THE WHITE HOUSE
Office of the Press Secretary
For Immediate Release
May 5, 1997
REMARKS BY THE PRESIDENT
The South Lawn
3:21 P.M. EDT
THE PRESIDENT: Good afternoon. As you all know, I'm
about to leave on a week-long visit to our closest southern
neighbors, Mexico, Central America, and the Caribbean. It's the
first of three trips I'll take in our hemisphere over the next year.
I'd like to say a few words about what I hope to accomplish and why
the Americas are so important for our own security and prosperity in
the 21st century.
Little more than a decade ago, our neighbors were
plagued by civil wars and guerrilla insurgencies, coupes and
dictators, closed economies and hopeless poverty. Now we face a far
different moment, a moment of truly remarkable possibility. Every
nation in our hemisphere but one has embraced both free elections and
open markets. The region's growing economies have become our largest
trading partners. Already we export twice as much to the Americas as
to Europe and nearly half again as much as to Asia.
A partnership is emerging between the United States and
the Americas based not only on history, geography and culture, but
increasingly in shared interest and values and a shared commitment to
a common future. More than ever before we are working with our
neighbors on the basis of mutual respect to make a difference on
issues that matter most to people in their daily lives, creating good
new jobs by opening markets and spurring growth, improving education
to prepare our people to succeed in the global economy, making our
water clean and the air clean for our children, facing up to problems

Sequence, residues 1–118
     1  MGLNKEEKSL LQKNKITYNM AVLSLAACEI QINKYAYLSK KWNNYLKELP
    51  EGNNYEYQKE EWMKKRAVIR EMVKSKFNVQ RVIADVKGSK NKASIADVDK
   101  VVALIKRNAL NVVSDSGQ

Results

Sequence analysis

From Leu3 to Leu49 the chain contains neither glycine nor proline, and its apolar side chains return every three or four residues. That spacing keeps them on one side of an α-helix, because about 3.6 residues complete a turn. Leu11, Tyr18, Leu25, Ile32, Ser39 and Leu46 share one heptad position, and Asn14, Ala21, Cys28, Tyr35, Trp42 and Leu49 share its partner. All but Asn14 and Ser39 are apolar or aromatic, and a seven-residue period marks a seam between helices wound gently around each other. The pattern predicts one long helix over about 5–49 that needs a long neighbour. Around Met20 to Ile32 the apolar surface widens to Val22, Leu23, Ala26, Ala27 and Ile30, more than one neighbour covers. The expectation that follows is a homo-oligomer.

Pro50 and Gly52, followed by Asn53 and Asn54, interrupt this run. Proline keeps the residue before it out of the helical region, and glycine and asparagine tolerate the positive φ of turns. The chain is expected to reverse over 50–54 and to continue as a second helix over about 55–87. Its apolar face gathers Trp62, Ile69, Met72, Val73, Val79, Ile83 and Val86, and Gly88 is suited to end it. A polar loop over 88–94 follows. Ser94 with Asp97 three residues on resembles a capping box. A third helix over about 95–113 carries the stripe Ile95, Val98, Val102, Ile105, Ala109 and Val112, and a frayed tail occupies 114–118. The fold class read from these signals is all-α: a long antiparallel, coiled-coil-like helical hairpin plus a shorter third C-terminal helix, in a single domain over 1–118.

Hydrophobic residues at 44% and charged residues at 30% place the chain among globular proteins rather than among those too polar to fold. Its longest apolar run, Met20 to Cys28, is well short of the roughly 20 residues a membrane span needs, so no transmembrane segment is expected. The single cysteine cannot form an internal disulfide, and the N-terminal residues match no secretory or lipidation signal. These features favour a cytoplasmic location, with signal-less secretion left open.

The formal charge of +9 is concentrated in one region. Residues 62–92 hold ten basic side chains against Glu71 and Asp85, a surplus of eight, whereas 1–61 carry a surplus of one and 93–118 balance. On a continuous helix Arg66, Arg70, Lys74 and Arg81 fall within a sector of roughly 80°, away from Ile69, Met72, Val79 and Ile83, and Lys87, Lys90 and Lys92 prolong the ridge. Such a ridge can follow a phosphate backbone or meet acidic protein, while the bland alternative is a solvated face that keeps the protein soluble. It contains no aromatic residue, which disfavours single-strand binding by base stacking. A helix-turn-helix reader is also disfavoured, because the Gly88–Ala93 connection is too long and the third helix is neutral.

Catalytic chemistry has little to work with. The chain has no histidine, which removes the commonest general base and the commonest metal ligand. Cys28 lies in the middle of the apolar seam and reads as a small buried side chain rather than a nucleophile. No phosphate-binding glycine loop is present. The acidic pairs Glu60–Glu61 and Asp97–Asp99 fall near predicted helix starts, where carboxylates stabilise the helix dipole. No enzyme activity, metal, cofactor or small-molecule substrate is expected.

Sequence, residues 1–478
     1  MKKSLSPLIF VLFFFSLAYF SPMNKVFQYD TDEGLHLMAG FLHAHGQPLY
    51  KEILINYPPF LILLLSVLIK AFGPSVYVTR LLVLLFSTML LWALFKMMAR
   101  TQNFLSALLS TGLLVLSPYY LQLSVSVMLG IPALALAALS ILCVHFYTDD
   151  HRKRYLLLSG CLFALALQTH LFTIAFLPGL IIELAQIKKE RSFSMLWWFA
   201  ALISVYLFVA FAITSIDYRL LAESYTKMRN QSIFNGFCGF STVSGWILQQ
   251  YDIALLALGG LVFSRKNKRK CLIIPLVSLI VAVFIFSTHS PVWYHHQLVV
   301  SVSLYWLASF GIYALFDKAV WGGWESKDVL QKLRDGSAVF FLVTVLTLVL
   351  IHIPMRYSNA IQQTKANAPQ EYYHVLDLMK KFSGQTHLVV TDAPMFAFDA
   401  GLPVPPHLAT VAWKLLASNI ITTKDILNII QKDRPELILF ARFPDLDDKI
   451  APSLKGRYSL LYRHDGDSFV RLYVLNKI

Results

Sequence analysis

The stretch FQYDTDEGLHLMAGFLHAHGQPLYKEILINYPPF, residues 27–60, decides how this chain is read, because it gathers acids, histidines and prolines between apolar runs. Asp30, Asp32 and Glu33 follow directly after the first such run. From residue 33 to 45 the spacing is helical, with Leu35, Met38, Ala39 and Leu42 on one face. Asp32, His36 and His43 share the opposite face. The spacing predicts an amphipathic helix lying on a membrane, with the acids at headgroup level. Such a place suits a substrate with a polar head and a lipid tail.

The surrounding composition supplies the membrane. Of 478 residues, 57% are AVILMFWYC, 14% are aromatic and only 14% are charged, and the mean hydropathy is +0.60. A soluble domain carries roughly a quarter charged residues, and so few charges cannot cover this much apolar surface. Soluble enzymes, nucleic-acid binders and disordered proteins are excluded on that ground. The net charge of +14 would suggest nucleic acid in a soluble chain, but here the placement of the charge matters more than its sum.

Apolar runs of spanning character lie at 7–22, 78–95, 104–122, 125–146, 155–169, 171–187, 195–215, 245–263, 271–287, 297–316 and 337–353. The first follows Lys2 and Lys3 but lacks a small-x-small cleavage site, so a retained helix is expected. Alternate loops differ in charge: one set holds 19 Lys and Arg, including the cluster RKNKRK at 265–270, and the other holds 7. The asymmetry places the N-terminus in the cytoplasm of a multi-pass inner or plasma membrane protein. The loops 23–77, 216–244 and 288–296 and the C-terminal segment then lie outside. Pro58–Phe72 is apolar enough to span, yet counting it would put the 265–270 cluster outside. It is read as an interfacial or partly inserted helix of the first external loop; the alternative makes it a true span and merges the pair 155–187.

we cannot defeat alone like drugs, crime and corruption.
But while the trend in the Americas is positive, clearly
the transition is not complete. If we want citizens to make a
lasting commitment to democracy, peace and open markets, we must
support them in gaining confidence that they have made the right
Three years ago, at our historic Summit of the Americas,
in Miami, the leaders of this hemisphere mapped out a concrete plan
to lock in the democratic gains the Americas have made and to see
that they work for all of the people. This week we will continue to
advance that plan. Together, we can strengthen the institutions of
democracy and promote respect for human rights. We can broaden the
benefits of open and fair trade. We can shore up the stability of
nations that have renounced war. We can combat the drugs and crime
and environmental degradation that threaten all our futures. And we
can open the doors of education to more so that they can have the
skills they need to make the most of their own lives.
It is fitting that this trip should begin in Mexico. We
share one of the broadest and deepest relations of any two nations on
earth. Beyond the 2,000-mile boarder that joins us, beyond the
strong bonds of trade that benefit both our people, we must cooperate
as never before to find common solutions to common problems.
Our partnerships with Mexico and with the other nations
should be the foundation of our own freedom, stability and prosperity
in the 21st century, an engine for economic growth and jobs, a sword
in the fight against transnational threats that respect no borders,
an example to the world that democracy and open markets actually
deliver for those who embrace them. If we continue to shape the
future of our hemisphere, the Americas will prosper and so will
America. Thank you.
Q Mr. President, given the frustrations of what Tony
Lake when through for his nomination, are you confident that George
Tenet will sail through on his nomination -- confirmation process?
THE PRESIDENT: I believe he will be confirmed. I sure
Q Mr. President, while you are gone the House and
Senate are going to take up the legislation regarding the flood aid.
Are you still threatening to veto that? Do you still feel a need to,
especially with the budget deal?
THE PRESIDENT: I have no reason to change the position
Q But people are waiting for that aid.
THE PRESIDENT: That's right and that's why Congress
ought to pass it unencumbered.
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